Tijuana Slough National Wildlife Refuge was established in 1980 to conserve and protect endangered and threatened fish, wildlife, and plant species. Conservation of the light-footed clapper rail was the primary impetus for the creation of the Refuge.
The Refuge is part of a larger unit called the Tijuana River National Estuarine Research Reserve, which is administered by the National Oceanographic and Atmospheric Administration. The Tijuana Reserve is one of 22 National Estuarine Research Reserves created nationwide to enhance scientific and public understanding of estuaries, and thereby contribute to improved estuarine management.
The draft management plan available below has been prepared to guide the Reserve in fulfilling its mission of estuarine resource protection over the period 1998-2003. This plan also serves as the comprehensive management plan for the Refuge.
Draft Management Plan Available for Comment
A collaborative effort of an 18-member task force, the draft management plan includes chapters on resource management and restoration, research, public education, public use and involvement, facilities, and watershed coordination. While the earlier 1986 Management Plan for the Estuarine Reserve focused heavily on the northern end of the Reserve and led to completion of the Visitor Center, the current plan lends more focus to the southern end of the Reserve, with particular emphasis on restoration of Goat Canyon. Tijuana Estuary is the first of the estuarine research reserves to produce a plan from a multi-agency task force.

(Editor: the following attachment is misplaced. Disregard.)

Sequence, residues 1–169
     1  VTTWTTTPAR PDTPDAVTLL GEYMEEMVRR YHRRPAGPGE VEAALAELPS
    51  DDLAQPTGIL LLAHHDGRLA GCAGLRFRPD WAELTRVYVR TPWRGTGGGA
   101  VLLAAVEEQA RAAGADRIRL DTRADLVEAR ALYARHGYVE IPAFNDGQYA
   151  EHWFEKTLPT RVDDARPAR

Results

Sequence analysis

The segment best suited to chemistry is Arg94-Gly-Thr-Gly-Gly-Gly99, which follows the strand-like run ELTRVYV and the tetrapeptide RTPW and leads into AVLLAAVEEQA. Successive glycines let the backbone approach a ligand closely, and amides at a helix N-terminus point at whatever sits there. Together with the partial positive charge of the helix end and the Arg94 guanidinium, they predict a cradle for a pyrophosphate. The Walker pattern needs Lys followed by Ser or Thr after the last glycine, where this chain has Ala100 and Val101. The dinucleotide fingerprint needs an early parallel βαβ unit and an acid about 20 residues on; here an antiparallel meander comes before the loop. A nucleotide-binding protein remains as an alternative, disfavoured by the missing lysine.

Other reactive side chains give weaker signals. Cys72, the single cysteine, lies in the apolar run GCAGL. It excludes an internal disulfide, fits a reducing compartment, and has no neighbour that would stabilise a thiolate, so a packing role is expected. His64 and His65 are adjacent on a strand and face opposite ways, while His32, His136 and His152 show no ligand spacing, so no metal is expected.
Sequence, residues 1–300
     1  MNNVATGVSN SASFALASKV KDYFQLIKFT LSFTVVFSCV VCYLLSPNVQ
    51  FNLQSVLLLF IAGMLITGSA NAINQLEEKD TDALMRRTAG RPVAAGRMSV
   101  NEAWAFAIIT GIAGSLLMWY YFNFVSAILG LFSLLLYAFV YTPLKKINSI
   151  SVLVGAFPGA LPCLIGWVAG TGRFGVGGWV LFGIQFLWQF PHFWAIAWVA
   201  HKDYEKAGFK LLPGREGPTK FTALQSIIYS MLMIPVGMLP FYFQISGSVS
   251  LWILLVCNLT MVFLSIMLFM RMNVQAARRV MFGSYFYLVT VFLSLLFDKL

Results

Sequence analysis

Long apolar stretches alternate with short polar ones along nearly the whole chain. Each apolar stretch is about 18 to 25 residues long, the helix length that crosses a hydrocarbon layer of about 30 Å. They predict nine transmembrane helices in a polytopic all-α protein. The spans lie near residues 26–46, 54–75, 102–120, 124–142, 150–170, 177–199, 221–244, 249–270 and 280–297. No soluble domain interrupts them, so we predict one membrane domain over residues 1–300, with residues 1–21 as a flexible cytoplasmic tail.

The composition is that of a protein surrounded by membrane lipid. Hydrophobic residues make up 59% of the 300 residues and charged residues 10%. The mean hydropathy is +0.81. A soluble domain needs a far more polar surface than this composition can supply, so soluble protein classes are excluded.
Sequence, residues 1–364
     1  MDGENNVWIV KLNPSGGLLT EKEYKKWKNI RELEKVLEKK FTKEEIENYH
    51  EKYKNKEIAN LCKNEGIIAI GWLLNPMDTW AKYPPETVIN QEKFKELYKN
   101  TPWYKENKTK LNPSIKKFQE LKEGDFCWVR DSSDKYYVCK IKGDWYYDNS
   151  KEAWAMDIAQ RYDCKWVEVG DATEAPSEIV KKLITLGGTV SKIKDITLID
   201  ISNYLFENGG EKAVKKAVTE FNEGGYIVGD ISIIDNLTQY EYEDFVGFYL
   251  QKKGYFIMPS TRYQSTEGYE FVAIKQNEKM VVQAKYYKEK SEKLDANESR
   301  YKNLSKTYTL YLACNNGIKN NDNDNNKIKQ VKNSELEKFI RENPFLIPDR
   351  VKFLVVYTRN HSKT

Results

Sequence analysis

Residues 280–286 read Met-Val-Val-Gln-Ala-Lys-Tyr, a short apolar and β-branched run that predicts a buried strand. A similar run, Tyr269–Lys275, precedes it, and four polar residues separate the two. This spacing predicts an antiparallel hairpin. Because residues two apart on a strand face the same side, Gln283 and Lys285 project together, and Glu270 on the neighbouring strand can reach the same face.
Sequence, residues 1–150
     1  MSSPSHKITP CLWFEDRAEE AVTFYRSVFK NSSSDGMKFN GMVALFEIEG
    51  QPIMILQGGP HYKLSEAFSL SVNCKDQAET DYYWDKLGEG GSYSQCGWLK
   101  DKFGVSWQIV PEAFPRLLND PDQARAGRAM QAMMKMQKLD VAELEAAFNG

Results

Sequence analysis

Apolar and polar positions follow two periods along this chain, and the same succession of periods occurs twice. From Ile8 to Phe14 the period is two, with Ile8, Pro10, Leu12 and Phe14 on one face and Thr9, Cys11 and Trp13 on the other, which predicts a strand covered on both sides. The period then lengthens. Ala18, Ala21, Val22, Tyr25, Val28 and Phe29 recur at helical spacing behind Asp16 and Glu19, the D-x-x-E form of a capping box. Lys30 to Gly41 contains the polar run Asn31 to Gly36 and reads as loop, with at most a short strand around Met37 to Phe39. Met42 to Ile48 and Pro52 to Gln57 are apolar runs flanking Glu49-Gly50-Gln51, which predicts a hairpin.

A public meeting was held Tuesday, December 9 to present and discuss the draft comprehensive management plan. The meeting began with a series of presentations by members of the Management Plan Task Force who worked with the environmental consulting firm CONCUR to prepare the plan. Presenters included Phil Jenkins, Gail Sevrens, and Tessa Roper of Department of Parks and Recreation; Rebecca Young and Dean Rundle of the U.S. Fish & Wildlife Service; Candy Ricks of the Tijuana River Valley Equestrian Association; and Rick Ripasi of County Parks. Participants were invited to a series of stations where they could read more about the plan, view graphics, and meet the authors.
The public comment period for the draft management plan ends January 26, 1998. Please feel free to use the on-line comment form or to mail any and all comments you have on the plan to either of the following:
Phil Jenkins, Reserve Manager
Tijuana River NERR
301 Caspian Way
Imperial Beach, CA 91932-3149
Dean Rundle, Refuge Manager
San Diego National Wildlife Refuge
2736 Loker Ave. West, Suite A
Carlsbad, CA 92008
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